If you’re dealing with credit card debt, every little thing can remind you about money.
That’s what it was like for Rachel. She was living in Houston, Texas, with a comfortable IT job when her debt started to become a problem. Rachel remembers feeling overwhelmed by her credit cards and blindsided by how quickly it took over her life.
“It felt like I had no control of my own life,” she recalls. “Everything was slipping through my fingers.”
Reflecting on her past struggles, Rachel emphasizes how she found Tally at a crucial point of her life. And how Tally helped her feel more confident about her money and her future.
“At best, people in my generation feel overwhelmed about finances,” she says. “And at worst, we’re entirely lost.
“We’re so worried about ‘right now’ that we’re never able to save for the future,” Rachel adds. “Tally helped me change my mindset to think about the future and plan for it. That gave me the confidence to really take control, and it really made my life so much better.”
Rachel remembers her first experiences with a credit card: Bank reps on her college campus, offering free T-shirts in exchange for signatures.
“You get roped into this fantasy that you can just take your plastic everywhere with you,” she says. “This was before a lot of the reform around fair lending, and it was definitely predatory.”
Like so many others, Rachel got a credit card simply because she could.
“I looked at my credit card as a ‘get out of jail free’ card,” she says. “If I really needed something, I could just put it on my card. Over time, the small things add up, and the size of purchases slowly grow.”
Rachel racked up some debt on her card but was able to pay if off. Once she cleared her balance, she started to get accepted for more credit cards. The cycle started again and the interest started to compound.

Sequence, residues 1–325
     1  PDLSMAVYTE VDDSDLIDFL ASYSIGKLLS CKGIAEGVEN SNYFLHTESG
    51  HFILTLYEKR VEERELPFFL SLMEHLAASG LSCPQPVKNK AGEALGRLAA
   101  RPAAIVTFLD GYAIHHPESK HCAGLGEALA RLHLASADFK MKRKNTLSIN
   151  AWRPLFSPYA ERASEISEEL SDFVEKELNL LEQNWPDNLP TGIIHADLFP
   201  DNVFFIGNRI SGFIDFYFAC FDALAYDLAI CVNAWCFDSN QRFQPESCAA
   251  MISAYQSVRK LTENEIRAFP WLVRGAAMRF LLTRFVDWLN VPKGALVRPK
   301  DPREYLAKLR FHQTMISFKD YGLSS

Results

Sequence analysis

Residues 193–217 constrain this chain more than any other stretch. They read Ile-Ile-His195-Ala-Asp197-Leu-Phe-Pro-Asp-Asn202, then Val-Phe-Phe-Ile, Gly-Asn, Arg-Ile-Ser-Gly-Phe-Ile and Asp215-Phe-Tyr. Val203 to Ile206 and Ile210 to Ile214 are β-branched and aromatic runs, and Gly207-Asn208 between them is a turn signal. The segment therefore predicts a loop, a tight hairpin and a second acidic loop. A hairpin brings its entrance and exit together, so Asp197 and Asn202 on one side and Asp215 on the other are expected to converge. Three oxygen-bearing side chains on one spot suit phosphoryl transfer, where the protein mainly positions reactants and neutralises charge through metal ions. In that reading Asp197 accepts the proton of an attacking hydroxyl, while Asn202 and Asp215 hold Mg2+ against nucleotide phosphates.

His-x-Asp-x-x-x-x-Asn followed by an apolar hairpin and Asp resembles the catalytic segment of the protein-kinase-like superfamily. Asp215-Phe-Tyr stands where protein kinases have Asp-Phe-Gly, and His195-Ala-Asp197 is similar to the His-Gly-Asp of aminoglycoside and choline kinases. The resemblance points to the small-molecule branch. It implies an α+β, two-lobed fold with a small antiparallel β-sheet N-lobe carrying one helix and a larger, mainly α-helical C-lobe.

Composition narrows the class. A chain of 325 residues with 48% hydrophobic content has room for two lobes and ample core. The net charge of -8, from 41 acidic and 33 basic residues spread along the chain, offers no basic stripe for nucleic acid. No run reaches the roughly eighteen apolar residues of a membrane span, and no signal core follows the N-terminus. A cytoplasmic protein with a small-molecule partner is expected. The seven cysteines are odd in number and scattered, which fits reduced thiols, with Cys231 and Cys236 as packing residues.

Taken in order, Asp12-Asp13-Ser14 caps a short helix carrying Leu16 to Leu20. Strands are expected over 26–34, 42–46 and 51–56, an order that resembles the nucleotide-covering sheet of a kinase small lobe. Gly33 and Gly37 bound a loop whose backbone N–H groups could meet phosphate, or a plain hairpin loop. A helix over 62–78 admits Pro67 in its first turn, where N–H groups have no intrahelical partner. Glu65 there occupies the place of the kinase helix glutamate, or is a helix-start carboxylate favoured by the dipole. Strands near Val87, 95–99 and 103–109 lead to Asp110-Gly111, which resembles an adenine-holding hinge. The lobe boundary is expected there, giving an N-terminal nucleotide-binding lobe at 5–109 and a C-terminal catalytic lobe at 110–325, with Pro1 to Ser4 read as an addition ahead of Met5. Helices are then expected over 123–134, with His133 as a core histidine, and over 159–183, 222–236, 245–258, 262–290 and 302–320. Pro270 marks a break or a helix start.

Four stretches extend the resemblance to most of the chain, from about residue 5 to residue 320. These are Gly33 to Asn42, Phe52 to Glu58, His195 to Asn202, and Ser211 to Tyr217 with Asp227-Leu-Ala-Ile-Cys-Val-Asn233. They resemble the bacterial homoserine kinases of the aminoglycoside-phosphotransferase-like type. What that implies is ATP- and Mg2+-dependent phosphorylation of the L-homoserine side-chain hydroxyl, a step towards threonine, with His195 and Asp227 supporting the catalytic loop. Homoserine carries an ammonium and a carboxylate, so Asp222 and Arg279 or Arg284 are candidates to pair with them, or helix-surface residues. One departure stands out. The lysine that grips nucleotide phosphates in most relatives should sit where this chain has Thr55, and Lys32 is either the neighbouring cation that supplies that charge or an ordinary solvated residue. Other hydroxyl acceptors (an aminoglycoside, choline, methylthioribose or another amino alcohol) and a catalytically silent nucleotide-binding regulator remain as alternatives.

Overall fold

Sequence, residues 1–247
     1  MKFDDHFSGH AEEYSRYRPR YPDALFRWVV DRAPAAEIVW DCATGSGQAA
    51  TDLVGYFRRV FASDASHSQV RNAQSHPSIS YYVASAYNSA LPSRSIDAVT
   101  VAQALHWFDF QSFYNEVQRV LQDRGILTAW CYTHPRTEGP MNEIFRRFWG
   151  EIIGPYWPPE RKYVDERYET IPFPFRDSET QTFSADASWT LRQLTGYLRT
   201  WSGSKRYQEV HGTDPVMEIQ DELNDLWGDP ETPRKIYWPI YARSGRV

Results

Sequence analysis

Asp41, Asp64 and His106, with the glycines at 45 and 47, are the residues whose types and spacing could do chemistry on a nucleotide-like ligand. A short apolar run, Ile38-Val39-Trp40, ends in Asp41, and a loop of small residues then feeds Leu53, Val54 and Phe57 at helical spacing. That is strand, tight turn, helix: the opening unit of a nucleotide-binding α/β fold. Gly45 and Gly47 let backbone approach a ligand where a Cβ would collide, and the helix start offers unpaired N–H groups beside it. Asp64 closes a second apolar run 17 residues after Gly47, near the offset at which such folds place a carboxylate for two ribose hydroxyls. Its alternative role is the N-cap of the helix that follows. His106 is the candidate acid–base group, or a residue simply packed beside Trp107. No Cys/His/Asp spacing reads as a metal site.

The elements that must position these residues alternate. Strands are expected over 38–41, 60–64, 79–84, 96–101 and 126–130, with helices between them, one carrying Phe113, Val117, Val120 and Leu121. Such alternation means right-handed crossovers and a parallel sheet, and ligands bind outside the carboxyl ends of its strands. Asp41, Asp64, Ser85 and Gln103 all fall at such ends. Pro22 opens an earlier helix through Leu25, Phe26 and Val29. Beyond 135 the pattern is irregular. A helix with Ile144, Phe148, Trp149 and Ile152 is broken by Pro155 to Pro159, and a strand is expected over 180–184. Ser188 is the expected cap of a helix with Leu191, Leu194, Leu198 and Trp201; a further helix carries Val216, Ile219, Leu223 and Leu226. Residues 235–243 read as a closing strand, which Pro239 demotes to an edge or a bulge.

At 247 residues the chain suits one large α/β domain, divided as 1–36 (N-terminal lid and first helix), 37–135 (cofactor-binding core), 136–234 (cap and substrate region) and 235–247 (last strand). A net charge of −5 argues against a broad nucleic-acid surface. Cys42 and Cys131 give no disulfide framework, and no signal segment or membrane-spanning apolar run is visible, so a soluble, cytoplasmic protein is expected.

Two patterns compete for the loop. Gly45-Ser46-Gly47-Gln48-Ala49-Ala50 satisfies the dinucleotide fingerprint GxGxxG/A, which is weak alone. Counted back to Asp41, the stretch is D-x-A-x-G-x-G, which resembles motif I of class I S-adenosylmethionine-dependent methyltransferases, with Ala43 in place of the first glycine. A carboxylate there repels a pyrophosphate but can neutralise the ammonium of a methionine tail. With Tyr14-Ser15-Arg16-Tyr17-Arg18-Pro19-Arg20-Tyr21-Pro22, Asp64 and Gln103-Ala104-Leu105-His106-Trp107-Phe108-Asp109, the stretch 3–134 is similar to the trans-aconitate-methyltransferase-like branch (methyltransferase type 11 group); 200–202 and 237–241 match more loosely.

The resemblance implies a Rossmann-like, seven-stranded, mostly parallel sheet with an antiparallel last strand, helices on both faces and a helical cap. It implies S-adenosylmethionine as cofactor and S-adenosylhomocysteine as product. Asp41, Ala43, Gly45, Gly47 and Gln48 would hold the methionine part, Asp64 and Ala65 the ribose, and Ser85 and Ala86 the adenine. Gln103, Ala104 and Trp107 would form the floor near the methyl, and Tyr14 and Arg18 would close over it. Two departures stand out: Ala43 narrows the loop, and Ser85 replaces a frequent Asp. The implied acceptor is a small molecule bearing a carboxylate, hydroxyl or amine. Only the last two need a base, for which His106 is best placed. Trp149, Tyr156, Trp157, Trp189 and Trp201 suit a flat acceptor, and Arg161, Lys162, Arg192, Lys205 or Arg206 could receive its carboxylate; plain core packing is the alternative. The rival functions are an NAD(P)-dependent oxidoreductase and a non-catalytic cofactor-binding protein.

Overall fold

“I wasn’t budgeting my money well,” she remembers. “I didn’t have a good idea of where my money was going every week.”
Rachel was dealing with about $2,000 in credit card debt when she hit a rough patch. Family hardships led her toward doing things with her money that she wouldn’t have otherwise, like spending more and picking up bills so others didn’t have to worry.
“All of these things started happening at once,” Rachel says. “I remember thinking, ‘Screw it. I have the credit. I’ll charge it now and pay it off later.’ The problem is that once that snowball starts going, it gets bigger and bigger. And if you don’t manage your money and pay back what you need to, when you need to, it only gets worse.”
Bethy Hardeman, Tally’s personal finance expert, is all-too-familiar with this approach to credit card spending and has seen how it can backfire.
“Credit cards are convenient and a valuable tool in certain situations,” Hardeman says. “But if you keep swiping and deferring payments, it eventually catches up with you. And the worst part is that the people who get saddled with these massive balances are often the people who need help the most.”